Spanish saint cared about poor girls’ education

By Tony Staley

St. Paula had to leave school at ten, after her father had died St. Paula Montal Fornes dedicated her life to helping girls and women receive the

St. Paula had to leave school at ten, after her father had died

St. Paula Montal Fornes dedicated her life to helping girls and women receive the education she was denied. She believed it would help solve societal problems.

Paula was born and baptized on the same day late in the 18th century, the eldest of five children of Montal and Vicenta Fornes Montal. Her parents were artisans living in Arenys de Mar, a seaside village in Catalonia, Spain, about 20 miles northeast of Barcelona.

St. Paula Montal Fornes

When: Oct. 11, 1799 – Feb. 26, 1889

Where: Spain

What: Founded Sisters of

            the Pious Schools

Feast: Feb. 26

Canonized: 2001

After her father died when she was 10, Paula joined her mother as a seamstress and lace maker to support the family, cutting short her chance to go to school, a common reality in 19th century Spain. She also helped in her parish by caring for girls and later helped teach the catechism through the Marian Association.

When she was 30, Paula and her longtime friend, Inés Busquets, moved to Figueras, a stronghold known for its weaponry castle, on the border with France. The two women opened a school for girls. It offered a Christian educational program — superior to what boys received — aimed at advancing women, helping families and transforming society by ending the subordination of women.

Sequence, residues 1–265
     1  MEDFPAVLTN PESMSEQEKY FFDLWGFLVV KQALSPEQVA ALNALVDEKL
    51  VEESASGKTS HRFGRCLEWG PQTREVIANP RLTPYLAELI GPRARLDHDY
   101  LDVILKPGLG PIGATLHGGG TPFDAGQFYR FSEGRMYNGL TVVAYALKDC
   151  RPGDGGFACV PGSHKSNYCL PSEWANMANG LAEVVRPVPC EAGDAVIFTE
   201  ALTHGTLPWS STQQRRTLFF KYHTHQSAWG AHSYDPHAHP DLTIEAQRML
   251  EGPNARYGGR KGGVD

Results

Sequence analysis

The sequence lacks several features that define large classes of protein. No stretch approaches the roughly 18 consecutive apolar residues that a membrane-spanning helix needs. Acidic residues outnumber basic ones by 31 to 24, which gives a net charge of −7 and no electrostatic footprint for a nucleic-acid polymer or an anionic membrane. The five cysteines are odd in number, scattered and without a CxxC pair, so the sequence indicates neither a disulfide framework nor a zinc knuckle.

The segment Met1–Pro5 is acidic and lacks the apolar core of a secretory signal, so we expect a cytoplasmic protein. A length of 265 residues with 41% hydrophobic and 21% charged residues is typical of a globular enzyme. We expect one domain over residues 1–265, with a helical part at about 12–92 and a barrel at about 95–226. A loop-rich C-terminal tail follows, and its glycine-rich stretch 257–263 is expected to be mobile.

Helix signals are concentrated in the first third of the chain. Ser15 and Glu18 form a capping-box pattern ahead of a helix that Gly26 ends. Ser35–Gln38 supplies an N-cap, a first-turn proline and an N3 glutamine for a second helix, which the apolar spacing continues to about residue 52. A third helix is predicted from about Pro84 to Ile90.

By 1837, she decided to follow the spirituality of St. Joseph of Calasanz (1556-1648). In 1842, she founded a second school in her hometown, where she worked with the Piarist Fathers of Mataró, the order founded by St. Joseph of Calasanz.

After Paula opened a third school in Sabadell in 1846, Piarist Frs. Jacinto Felíu and Agustín Casanovas helped her set up the Daughters of Mary Religious of the Pious Schools. Her sisters make four vows: poverty, chastity, obedience and education of poor, neglected and homeless girls. Paula, Inés, Felicia Clavell and Francisca de Domingo made vows on Feb. 2, 1847.

From 1829 to 1859, Paula founded seven schools and co-founded four others. She also was in charge of the formation of the congregation’s first 130 sisters.

She founded her final and favorite school in 1859 at Olesa de Montserrat, a poor town at the foot of the Monastery of Our Lady of Montserrat in Barcelona. Paula stayed there until her death 30 years later.

By then, her order had 346 sisters teaching in 19 schools throughout Spain. Today there are more than 800 Sisters of the Pious Schools serving in 9 nations on four continents, teaching some 30,000 students.

Sources: “Butler’s Lives of the Saints”; Catholic Encyclopedia; katolsk.no; saints.sqpn.com; vatican.va.